Army engineers are set to start a controversial 4.5 billion reais ($1.8 billion) project next month to divert one of Brazil's biggest rivers and bring water to 12 million people in the parched northeast.
RIO DE JANEIRO Army engineers are set to start a controversial 4.5 billion reais ($1.8 billion) project next month to divert one of Brazil's biggest rivers and bring water to 12 million people in the parched northeast.
President Luiz Inacio Lula da Silva, who is from the northeastern state of Pernambuco, believes siphoning water from the 1,700 mile Sao Francisco river will stem the flow of millions of peasants from Brazil's poorest region to southern cities in search of a better life.
Supporters say it will cost less than drought aid in 1998, when the northeast was hit by a particularly severe drought.
Critics argue the plan is misguided, extravagant and aimed at promoting Lula's re-election in 2006. The project is being funded from the national budget after the World Bank and other foreign donors backed out.
"Using the army ensures that works can start in July after an environmental permit has been granted," Pedro Brito, project coordinator at the Ministry of National Integration, told Reuters in a phone interview.
"The project will guarantee people water in the drought-stricken northeast," Brito said.
The government has pledged to accept by July 12 the 31 conditions imposed by the national environmental agency Ibama to protect trees, prevent pollution and look after wildlife.
The army will build two canals with a combined length of 5 miles to carry water from the Sao Francisco river to two dams. The work will take 14 months and cost an estimated 85 million reais ($34.5 million).
Water will be pumped into planned northern and eastern canals totaling 435 miles (700 km) that will feed a vast semi-arid hinterland of scrub and stones.
Most of project, which will mainly benefit the states of Ceara, Rio Grande do Norte, Pernambuco and Paraiba, will be executed by private contractors who are due to be selected by public tender in mid-August.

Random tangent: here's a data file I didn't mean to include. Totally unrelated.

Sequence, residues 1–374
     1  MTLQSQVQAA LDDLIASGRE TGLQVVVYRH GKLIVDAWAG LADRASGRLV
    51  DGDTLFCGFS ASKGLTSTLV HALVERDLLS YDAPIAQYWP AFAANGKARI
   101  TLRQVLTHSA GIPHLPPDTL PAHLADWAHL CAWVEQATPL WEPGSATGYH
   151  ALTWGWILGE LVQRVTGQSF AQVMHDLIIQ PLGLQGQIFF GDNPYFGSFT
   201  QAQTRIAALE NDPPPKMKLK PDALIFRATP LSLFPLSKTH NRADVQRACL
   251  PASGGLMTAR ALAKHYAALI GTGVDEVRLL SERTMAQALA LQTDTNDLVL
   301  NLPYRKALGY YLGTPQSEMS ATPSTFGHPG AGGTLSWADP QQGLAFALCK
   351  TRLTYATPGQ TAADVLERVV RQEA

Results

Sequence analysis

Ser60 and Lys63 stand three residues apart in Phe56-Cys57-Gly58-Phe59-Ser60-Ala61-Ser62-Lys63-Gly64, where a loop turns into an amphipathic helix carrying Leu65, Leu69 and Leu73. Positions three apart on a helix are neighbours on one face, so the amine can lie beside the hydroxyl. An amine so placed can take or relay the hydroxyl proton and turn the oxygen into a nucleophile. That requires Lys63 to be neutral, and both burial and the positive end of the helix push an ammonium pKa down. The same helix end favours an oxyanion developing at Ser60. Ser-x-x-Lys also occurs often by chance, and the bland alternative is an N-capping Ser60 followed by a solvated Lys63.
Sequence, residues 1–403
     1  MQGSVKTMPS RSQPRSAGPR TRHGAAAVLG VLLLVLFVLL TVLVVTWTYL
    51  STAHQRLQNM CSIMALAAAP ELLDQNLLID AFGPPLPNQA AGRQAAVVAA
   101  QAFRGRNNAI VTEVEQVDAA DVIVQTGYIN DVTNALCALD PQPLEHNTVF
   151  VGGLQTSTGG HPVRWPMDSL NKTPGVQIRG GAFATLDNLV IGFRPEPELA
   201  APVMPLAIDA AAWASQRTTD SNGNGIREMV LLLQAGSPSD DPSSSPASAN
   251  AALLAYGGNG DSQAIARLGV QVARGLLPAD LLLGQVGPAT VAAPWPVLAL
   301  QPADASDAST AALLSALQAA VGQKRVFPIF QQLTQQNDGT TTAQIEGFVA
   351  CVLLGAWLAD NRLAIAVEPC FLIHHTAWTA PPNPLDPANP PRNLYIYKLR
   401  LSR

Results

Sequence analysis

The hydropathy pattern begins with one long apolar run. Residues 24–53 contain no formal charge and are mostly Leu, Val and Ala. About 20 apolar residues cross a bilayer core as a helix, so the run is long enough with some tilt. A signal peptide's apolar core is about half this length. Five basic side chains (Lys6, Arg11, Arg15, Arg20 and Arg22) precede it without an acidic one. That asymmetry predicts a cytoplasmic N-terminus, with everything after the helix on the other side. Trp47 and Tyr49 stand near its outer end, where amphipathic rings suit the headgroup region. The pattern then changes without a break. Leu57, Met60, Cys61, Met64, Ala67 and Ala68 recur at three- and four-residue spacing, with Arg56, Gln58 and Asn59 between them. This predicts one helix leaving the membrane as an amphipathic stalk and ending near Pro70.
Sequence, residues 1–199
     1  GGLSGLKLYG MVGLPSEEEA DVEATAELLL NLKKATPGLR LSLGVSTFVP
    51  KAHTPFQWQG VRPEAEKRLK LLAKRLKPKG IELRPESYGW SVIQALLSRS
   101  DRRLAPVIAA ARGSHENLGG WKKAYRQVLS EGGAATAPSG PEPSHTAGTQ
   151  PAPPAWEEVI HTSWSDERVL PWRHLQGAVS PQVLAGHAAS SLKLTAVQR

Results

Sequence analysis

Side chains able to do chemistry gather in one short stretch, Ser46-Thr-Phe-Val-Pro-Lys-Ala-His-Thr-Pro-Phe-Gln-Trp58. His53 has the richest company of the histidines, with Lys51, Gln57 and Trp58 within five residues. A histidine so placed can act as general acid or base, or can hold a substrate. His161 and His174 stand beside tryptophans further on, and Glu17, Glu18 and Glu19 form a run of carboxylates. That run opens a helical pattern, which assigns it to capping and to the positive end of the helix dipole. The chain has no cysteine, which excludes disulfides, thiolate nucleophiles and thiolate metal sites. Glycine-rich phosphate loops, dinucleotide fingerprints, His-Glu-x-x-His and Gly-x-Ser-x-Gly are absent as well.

The Sao Francisco river runs from Minas Gerais in the southeast into the Atlantic at Alagoas state, linking the rich southeast with the poor northeast which has 30 percent of Brazil's population but only 3 percent of its drinking water supply.
Critics say huge canals are costly and unnecessary.
"It's nonviable economically, socially and ecologically," said Roberto Malvezzi, national coordinator of the Catholic Church's Pastoral Land Commission. "It has a strong political and electoral flavor."
In 2003, the World Bank completed a report for the government questioning the economic viability of the project. It proposed smaller projects, such as cisterns and aqueducts, to store and distribute water to the region's rural poor.
A World Bank official in Brasilia declined to comment.
But in a phone interview from Jaizeiro on the southern bank of the Sao Francisco river, Malvezzi said the government's grandiose project was unprofitable and would benefit only 5 percent of the northeast region.
"The problem is water storage and management," Malvezzi said, adding that 95 percent of rainwater is lost through evaporation or escapes into the ocean.
The head of the Bahia Environmental Group (GAMBA), Renato Cunha, said the polluted Sao Francisco valley must first be brought back to life.
This involves controlling deforestation, especially along river banks, stopping dumping of sewage into the river and planning community settlements, he said.
"It's a mega project that serves the interests of big landowners rather than the needs of the semi-arid region," said Cunha.
About 70 percent of the water will be for economic use -- irrigated grapes and other fruits, flowers and shrimp farming for export. Only 4 percent is for poor people in the scrub.